'Great Satan' and 'axis of evil' no more? How US, Iran show similarities
As the presidents of Iran and the US lobby their publics for the nuclear accord, both countries are finding themselves entering heated electoral campaigns. And in both cases, there's searing opposition to the deal.
Washington — For nearly four decades, Iran has seen the United States as the “Great Satan,” while for the US, Iran was a prime member of the global club dubbed the “axis of evil.”
In each case, the other was viewed as the antithesis of what it was, of how it worked as a country and operated in the world.
Which makes it all the more remarkable that the two longtime bitter adversaries find themselves displaying so many similarities as they take up the deal reached by world powers last week to limit Iran’s nuclear program.
As the presidents of the two countries lobby their publics for the nuclear accord, both countries also find themselves entering heated electoral campaigns. And in both cases, opponents of the deal are attacking it with an eye to rallying political supporters, some regional analysts say.
“It’s quite striking how in many ways the two countries are mirror images of each other,” says Robin Wright, a distinguished scholar in Middle East studies at the Wilson Center in Washington and an expert in US-Iran relations.
The presidents of both countries tout the deal as a crucial feature of a new path forward in relations with the rest of the world, but in both countries, conservative forces warn against the danger and naiveté of trusting the other’s ability to change. And in both cases, the leaders who negotiated the deal see an unprecedented opportunity for the two adversaries to test the waters of cooperation on other issues.
“Both Washington and Tehran are interested in looking at other issues [of mutual interest],” notes Ms. Wright, who says the long hours that American and Iranian diplomats spent together over recent months led to a shift in how the two sides perceive and understand each other that could lead to some degree of cooperation.
That high-level shift, she says, could feed the change that she’s sensing in each country in terms of how it views the other. “We’re beginning to get beyond the ‘Great Satan’ and ‘axis of evil’ narrative that has defined the relationship for 36 years,” she says.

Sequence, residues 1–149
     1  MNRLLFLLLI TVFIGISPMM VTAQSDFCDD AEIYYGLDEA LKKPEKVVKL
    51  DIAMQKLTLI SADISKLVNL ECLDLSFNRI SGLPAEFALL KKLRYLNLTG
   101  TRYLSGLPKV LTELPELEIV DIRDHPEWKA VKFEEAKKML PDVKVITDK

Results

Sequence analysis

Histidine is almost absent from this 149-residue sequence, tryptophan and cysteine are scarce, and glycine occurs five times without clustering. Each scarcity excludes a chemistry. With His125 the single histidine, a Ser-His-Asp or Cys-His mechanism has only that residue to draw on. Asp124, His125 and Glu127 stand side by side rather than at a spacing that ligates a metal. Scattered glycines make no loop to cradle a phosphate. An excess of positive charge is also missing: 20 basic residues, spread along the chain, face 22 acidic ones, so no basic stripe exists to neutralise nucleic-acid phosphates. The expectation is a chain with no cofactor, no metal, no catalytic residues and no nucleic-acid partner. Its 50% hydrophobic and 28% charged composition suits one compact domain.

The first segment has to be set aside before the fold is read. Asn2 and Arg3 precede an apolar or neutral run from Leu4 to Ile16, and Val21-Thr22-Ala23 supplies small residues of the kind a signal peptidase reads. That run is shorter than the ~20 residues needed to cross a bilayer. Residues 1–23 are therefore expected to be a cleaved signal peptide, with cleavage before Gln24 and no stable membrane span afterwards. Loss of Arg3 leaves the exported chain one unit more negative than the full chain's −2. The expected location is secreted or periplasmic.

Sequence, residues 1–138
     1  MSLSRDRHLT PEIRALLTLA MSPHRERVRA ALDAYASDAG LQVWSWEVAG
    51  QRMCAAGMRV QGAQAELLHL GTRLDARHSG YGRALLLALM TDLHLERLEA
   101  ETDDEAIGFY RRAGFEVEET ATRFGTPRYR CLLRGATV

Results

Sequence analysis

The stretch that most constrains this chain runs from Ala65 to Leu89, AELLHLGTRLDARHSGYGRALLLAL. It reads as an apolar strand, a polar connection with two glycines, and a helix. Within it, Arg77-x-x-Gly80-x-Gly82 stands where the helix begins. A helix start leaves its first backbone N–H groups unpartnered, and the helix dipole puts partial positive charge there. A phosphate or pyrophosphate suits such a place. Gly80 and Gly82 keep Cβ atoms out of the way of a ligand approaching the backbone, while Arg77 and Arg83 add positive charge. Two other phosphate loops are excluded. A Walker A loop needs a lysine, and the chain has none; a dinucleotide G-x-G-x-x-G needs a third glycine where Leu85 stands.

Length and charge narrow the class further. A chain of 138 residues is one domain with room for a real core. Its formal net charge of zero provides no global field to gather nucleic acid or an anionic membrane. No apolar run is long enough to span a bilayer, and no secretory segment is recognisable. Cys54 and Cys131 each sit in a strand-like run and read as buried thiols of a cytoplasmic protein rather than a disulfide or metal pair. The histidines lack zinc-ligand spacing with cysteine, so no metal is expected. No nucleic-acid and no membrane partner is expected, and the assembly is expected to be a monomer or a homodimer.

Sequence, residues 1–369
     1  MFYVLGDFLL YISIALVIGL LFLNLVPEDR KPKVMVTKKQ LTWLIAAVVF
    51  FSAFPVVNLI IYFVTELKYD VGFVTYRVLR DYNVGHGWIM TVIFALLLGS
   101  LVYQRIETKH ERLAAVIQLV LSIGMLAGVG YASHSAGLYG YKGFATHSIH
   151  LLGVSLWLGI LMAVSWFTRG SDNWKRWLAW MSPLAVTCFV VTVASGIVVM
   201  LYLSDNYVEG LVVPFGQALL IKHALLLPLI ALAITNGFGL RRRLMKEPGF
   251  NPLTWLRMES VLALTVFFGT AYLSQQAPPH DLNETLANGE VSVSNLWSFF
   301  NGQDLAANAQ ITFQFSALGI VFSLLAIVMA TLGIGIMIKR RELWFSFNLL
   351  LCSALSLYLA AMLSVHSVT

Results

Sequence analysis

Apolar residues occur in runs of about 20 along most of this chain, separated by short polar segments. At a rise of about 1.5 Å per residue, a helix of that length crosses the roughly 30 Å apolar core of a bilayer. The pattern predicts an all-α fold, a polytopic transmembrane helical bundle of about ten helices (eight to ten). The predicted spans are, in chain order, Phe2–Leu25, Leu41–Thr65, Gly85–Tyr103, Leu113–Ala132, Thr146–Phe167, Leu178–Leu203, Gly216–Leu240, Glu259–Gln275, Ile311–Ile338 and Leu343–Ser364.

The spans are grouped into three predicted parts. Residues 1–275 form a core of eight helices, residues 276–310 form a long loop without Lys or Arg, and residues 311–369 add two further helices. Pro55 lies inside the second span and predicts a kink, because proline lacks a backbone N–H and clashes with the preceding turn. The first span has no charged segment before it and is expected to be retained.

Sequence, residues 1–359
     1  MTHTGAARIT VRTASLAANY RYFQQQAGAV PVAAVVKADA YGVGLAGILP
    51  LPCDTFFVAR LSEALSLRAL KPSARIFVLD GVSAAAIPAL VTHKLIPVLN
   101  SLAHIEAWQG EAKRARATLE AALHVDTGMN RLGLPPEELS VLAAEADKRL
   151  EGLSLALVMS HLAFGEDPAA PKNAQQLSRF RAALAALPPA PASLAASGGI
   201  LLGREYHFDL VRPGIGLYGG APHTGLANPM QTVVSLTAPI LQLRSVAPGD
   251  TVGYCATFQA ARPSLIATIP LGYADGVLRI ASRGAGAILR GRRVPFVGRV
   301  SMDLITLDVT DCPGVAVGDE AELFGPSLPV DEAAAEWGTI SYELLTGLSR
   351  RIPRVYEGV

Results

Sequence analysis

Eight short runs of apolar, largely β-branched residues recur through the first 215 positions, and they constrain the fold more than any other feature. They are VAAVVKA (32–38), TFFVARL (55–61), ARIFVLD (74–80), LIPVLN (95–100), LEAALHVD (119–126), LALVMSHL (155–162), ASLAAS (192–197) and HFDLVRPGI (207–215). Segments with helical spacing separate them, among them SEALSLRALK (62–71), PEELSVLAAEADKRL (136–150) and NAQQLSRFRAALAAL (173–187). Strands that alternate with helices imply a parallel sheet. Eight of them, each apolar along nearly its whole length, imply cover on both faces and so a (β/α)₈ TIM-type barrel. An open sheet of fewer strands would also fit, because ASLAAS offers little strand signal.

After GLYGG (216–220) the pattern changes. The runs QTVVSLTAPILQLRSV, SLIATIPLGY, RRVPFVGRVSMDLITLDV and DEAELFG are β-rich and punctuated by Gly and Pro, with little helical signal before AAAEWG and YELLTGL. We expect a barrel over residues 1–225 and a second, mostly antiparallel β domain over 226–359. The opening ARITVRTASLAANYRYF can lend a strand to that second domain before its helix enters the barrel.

Still, each president is facing searing opposition to the deal. Iran’s hard-liners reject the agreement – with its overtones of engagement with the West – as a dangerous boon to the country’s more moderate political forces, some Iran analysts say. At the same time, some US analysts see some critics of the deal – particularly Republican presidential hopefuls – firing up opposition to the agreement as a means of boosting their own political standing.
“The Republicans in general will try to put as many kinds of slash marks in the president as possible.... They are going to try to damage him ... and talk about how untrustworthy and what a terrible negotiator and terrible president he is,” says George Perkovich, an expert in nuclear strategy and nonproliferation at the Carnegie Endowment for International Peace in Washington.
“They’re going to do that for as long as they can,” he adds, but then “calculate that they won’t be able to defeat it. And so it will become one of those cynical Washington exercises where at the end, they kind of do the right thing, but on the way there, [it’s] just lots of points scoring and money raising.”
Iran, the deal’s impact in the Middle East, and President Obama’s approach to foreign policy, as displayed by his Iran diplomacy, are all certain to figure prominently in the 2016 presidential election. Republican presidential prospects are already in a battle to outdo one another in blasting the deal as a disaster – with the Republican senators who are also presidential candidates offering some of the more dire assessments of the deal.